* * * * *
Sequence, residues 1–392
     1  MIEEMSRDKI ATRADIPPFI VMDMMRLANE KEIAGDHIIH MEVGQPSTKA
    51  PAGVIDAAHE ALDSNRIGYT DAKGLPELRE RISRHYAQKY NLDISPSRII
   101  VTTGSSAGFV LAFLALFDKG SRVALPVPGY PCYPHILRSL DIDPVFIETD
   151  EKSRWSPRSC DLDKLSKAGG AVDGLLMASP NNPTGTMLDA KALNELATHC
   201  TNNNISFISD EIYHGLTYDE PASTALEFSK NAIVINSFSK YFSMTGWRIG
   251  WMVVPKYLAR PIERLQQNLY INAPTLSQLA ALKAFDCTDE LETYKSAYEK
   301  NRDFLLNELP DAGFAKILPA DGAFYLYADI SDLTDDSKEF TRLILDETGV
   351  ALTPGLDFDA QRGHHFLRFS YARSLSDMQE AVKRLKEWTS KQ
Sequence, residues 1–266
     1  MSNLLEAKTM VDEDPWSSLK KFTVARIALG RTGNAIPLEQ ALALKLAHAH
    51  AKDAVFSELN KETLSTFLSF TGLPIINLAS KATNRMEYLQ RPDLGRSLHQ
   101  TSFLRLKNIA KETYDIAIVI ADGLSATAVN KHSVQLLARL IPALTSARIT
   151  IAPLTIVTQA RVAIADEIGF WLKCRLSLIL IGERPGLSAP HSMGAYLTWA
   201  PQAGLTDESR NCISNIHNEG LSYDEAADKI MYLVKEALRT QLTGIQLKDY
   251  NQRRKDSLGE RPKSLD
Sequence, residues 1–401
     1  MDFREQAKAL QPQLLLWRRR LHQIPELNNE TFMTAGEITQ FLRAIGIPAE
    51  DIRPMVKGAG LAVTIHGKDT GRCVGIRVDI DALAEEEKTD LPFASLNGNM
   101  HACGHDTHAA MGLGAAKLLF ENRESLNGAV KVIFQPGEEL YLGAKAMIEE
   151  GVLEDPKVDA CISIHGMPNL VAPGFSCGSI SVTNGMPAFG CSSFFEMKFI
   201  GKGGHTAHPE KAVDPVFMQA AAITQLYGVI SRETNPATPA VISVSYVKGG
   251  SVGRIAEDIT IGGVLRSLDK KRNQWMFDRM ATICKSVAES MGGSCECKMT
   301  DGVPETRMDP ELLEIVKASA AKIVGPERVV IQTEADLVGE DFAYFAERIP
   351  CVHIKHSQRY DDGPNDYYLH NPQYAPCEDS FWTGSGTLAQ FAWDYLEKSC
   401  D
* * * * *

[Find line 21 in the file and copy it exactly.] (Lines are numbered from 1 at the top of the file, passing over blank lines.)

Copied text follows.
   151  GVLEDPKVDA CISIHGMPNL VAPGFSCGSI SVTNGMPAFG CSSFFEMKFI